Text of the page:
Edward, the September 2020 client of the month has again achieved the client of the month honours 13 months later.

The October 2021 client of the month has been awarded due to his impressive increases in strength over the past 8 weeks.

Ed getting into training

Edward in summer of 2020 battling with the ropes

In the beginning

In 2017, Edward weighed 94kgs and at 186cm (6 feet 1 inch), was heavy for a cyclist. He managed to complete his first LEJOG (Land’s End to John O’Groats) but it wasn’t comfortable, especially on inclines.

In 2018, his weight increased to 97kgs after spending 11 weeks in New Zealand and despite increases in mileage, his weight didn’t budge. It was after recuperation from a cycling accident in 2018 that Edward read ‘Racing Weight‘, a book by Matt Fitzgerald about weight management for endurance athletes that the penny dropped. The emphasis on reduced sugary processed foods and saturated fats worked. However, Edward’s body fat was still at the top end of his age group despite losing weight.

Beginning of 2020

Edward sitting up

Preparation for lifting

At the end of January 2020, Edward started lifting with emphasis on body composition and strength improvements.

The first session outlined mobility issues from squatting and lack of upper body strength. Initially, lifting started with some technically easier exercises including dumbbell thrusters and TRX squats to enable mobility and strength.

Over the winter, a wider range of exercises were introduced including split jerk and deadlift. Edward was improving. Consistency of training was responsible for improvements in Edward’s strength and mobility.


gym closed

Covid-19 lockdown

Covid-19 put a stop to Edward’s strength and mobility improvements. With lockdown came the closures of gyms. This meant no heavy lifting. When lockdown restrictions eased, Edward resumed his strength programme in the park but some of his mobility issues had returned.

After buying a van and purchasing a few hundred kilograms of weight lifting and functional fitness equipment, I established myself as an outdoors personal trainer. This enabled Edward and my other clients to resume lifting in the parks and gardens around Bath.

So we began the process of strength and mobility training again.

Winter/Spring 2020

Edward deadlifting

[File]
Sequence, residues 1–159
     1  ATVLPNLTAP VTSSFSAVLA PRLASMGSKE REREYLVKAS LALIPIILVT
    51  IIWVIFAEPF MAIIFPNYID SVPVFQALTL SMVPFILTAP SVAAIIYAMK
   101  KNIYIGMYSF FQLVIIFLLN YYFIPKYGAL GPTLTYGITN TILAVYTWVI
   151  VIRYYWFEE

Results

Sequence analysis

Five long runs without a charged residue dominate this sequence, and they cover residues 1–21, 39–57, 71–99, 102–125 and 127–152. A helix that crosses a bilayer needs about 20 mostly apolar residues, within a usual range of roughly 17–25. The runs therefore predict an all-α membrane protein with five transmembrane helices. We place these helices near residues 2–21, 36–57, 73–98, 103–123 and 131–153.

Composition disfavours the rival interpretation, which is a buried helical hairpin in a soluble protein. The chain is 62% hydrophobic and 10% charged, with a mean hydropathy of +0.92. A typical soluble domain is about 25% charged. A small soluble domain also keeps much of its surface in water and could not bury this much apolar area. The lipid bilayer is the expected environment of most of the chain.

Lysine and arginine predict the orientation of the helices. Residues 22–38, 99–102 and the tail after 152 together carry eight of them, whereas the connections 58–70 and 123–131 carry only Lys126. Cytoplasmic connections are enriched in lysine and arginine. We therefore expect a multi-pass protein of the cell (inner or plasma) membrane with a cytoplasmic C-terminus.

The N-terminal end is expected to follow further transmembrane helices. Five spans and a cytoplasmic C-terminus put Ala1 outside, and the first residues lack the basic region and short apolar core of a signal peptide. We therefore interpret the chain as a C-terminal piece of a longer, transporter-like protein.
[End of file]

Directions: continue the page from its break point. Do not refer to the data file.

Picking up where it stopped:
Trapbar deadlifts

Edward squatting

Keeping the weight on the heels!

Towards the end of 2020, Edward increased strength training from once a week to twice a week. This produced an immediate improvement in strength but a set back happened at the beginning of January 2021 when an old back injury resurfaced.

After three months with no lifting, Edward returned. He resumed a new programme eliminating exercises that aggravated his back. New exercises were introduced to help strengthen the injured area.


Edward was absent for 2 months of training over the summer due to cycling and family commitments. However, since August, Edward has consistently strength trained twice every week whilst keeping up his cycling.

And the result. Improvements in all of the big lifts. Edward has achieved personal bests on his squat, bench press, rows, deadlift and shoulder press averaging a 10% improvement over the range of lifts since August.

Edward KB Row

I’m going to need heavier kettlebells!

Consistency is arguably the most important component when working to accomplish goals, in or out of the gym. Without consistency, programs are unorganised, the body has a harder time adapting, and forming habits may be more challenging.

We are creatures of habit. The more we practice, the more natural it becomes. We experience this when we learn to walk as infants, when we learn to drive, and when we exercise. It’s normal to feel out of your comfort zone when you try something new, but the more you do it, the more comfortable you feel.

Current research suggests that to make a habit stick it must be performed for 68 consecutive days. The idea of sticking with something for 68 days may feel overwhelming. When taking on a new challenge, focus on each session. This will help your mindset. Aiming to create a lifelong exercise habit can be daunting; however, start by doing it for one day, and then two, and then three, and so on.

Once you feel comfortable with one small change, add another small change, and so on. Small changes are more sustainable over the long term and add up to big improvements. There will likely be days that your plan doesn’t work out how it was supposed to, but that doesn’t mean all progress is lost.

And to quote the 31st President of the United States, “Persistence Prevails When All Else Fails” – Herbert Hoover

be consistent with your training

Small steps are still steps forward. Speed doesn’t matter.

Congratulations Edward on another client of the month award.